The alarm sounded its message at 6am, one hour before sunrise and a half hour before we wanted to weigh anchor. Our passage today would take us through Beware Passage. The information on this passage recommends low slack water as the ideal time to transition through this area. While it looks open, there are many islets and hidden rocks you must weave your way through.
Low tide affords the best possible look at the obstructions, although some never dry. We followed our plan and arrived at the start of Beware Passage right at seven. With an eye on the GPS plotter and another on the water, we had an uneventful passage. By taking it slow and following the recommended “low water” course to the north, it’s a fairly easy pass. The channel is deep, so all your attention can be directed to making good your course.
Shortly after transiting Beware Passage, we tucked into Native Anchorage on Village Island, a spot recommended by Max from Kwatsi Bay. Breakfast was on the agenda, followed by showers and a morning of doing nothing as we hoped for the skies to clear.
Except for a few dolphins that passed though the anchorage, we were alone. As has been the pattern for the last two days, the sun started to part the clouds about noon and we began to think about “where to next?”.
Our first stop was to look at the abandoned Indian settlement at Mamaliliculla. There was not much to see and we were not in the mood to make a dinghy assault on the beach and climb up to see the abandoned structures. We saw some from the boat, so we’ll save the on-shoring for another time.
Next we stopped (in the water) and looked at the Indian settlement at New Vancouver. The native Indians returned to this area in 2003 and built a very nice looking settlement with an outstanding dock and an impressive “big house”. We’ll add this to the “visit again” list to see if we can get a tour of the big house – it looks grand.
We continued a little further and dropped anchor in Mound Bay for a lunch stop. Mound was on our list as a possible overnight anchorage, but the locals gave it only an OK rating, so we decided to make this a brief layover. While having lunch, we heard on the radio that there were both Orca and Humpback whales in Blackfish Sound off Cracroft Point. As we were only 2.5 miles from there, we changed plans again and quickly made our way down Blackney Passage into Johnstone Strait. There were a few boats drifting in the area and sure enough, we saw whale spouts as we approached.
Once there, we took the engines into idle and drifted, watching and waiting. We were not disappointed. We saw numerous Orca whales. They were trying to feed on the white-sided dolphins that were there to feed on the smaller fish that congregate the confluence of Blackfish Sound and Johnstone Strait.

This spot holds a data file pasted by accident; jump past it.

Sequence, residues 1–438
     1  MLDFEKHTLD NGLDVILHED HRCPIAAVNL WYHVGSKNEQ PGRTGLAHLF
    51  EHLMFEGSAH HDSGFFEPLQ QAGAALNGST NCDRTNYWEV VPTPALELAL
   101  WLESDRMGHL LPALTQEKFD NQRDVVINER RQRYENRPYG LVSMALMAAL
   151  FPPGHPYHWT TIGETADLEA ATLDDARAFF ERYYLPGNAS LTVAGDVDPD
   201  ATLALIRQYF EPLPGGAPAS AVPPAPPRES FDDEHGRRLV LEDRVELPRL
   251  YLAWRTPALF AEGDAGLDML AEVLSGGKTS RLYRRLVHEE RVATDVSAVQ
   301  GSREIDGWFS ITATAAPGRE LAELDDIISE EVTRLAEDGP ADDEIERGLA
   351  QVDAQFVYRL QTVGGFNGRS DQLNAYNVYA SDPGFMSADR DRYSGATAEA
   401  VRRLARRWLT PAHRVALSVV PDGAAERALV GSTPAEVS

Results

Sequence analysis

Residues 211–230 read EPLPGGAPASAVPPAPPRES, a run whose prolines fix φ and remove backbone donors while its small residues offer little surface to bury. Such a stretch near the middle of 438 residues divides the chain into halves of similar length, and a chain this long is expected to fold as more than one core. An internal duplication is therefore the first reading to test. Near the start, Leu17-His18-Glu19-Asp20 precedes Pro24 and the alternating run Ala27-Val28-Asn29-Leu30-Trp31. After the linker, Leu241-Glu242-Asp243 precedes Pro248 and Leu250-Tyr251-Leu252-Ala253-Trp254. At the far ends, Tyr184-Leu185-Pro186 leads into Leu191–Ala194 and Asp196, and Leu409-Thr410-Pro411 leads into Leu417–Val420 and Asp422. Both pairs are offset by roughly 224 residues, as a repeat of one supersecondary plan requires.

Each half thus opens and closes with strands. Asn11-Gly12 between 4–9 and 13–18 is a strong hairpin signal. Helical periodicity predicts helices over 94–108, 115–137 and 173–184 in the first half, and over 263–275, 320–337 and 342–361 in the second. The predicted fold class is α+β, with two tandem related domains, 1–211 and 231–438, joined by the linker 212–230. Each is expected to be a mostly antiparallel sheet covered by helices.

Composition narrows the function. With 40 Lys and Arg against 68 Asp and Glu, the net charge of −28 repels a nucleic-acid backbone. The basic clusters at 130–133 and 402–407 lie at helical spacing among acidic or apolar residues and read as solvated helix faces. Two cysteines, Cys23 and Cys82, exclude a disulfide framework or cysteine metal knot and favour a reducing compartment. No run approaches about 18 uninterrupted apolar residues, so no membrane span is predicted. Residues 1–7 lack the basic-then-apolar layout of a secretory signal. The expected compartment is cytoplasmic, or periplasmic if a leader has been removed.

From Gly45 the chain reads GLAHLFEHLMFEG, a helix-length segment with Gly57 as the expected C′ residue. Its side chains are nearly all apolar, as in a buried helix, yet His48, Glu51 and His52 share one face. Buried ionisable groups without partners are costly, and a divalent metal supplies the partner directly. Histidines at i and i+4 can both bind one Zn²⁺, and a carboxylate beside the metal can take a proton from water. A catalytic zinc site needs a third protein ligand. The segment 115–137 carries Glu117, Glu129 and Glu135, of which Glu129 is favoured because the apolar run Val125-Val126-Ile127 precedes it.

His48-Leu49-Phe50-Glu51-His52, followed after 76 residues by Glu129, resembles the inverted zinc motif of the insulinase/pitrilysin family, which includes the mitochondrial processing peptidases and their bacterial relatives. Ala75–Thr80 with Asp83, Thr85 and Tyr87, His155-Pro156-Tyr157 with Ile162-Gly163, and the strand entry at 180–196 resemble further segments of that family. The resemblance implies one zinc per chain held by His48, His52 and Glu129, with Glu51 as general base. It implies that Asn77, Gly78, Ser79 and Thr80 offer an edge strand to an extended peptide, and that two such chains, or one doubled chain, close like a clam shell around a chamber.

A medium sized female Orca swims by
Coming right at us
It's fun to see the different markings and to try to track specific individuals
Every fin is unique
When these two waters meet, large whirlpools and eddies form and the water churns and spins. As we watched the whales, our boat would spin gently in the whirlpool and bob in the turbulent waters. But that was a small price to pay for a good look at these mammals in action. We would see the dolphins moving along slowly and then suddenly they would accelerate, jump out of the water and swim for their lives with an Orca right on their tails.
After about an hour they moved on and so did we. Max from Kwatsi Bay had great things to say about the anchorage at Goat Island (off Crease Island), so we set course for his recommendation.
Max from Kwatsi Bay was correct. A beautiful panorama surrounds this special spot. As we settled in and after enjoying a beer on the flybridge, I went to the swim step to answer the call of Mother Nature. I was looking over at a nearby island and noticed a black rock. I was talking to myself about how we always hope that these black rocks are black bears, but we are always disappointed. Just then, the black rock moved.
“Bear!”, I called out to Karen, “come quick!” As it turned out, there was no need to hurry. The bear cooperated for the next hour as he went about his business. The funniest part of this experience is that there were a pair of very large ravens that were tormenting this bear.
Surround by noisy ravens
They would cry at him, fly mock attacks, even pick up a large piece of straw and threaten him. The two large black birds would surround him, one in the front and one behind.
What do you think the Raven on the right is going to do with that "stick"?
I’m not certain what the conflagration was all about, but after about 15 minutes, the bear got tired of these two, and moved on. He ate his way along the side of the island, enjoying a series of berry bushes and some hors d’oeuvres found by turning over rocks at the water’s edge.
The berry banquet
When he arrived at the end of the island, he proceeded to walk into the water and swim over to the next larger island.
Who you looking at?
Time for a change of venue
Once there, he continued his feasting on the berry buffet, until he disappeared in the thick forest. Watching him shake off the water like a large dog was really funny!
Shake it off
Needless to say, we had a great day – from now own, September 13th is officially known as “Critter Day.”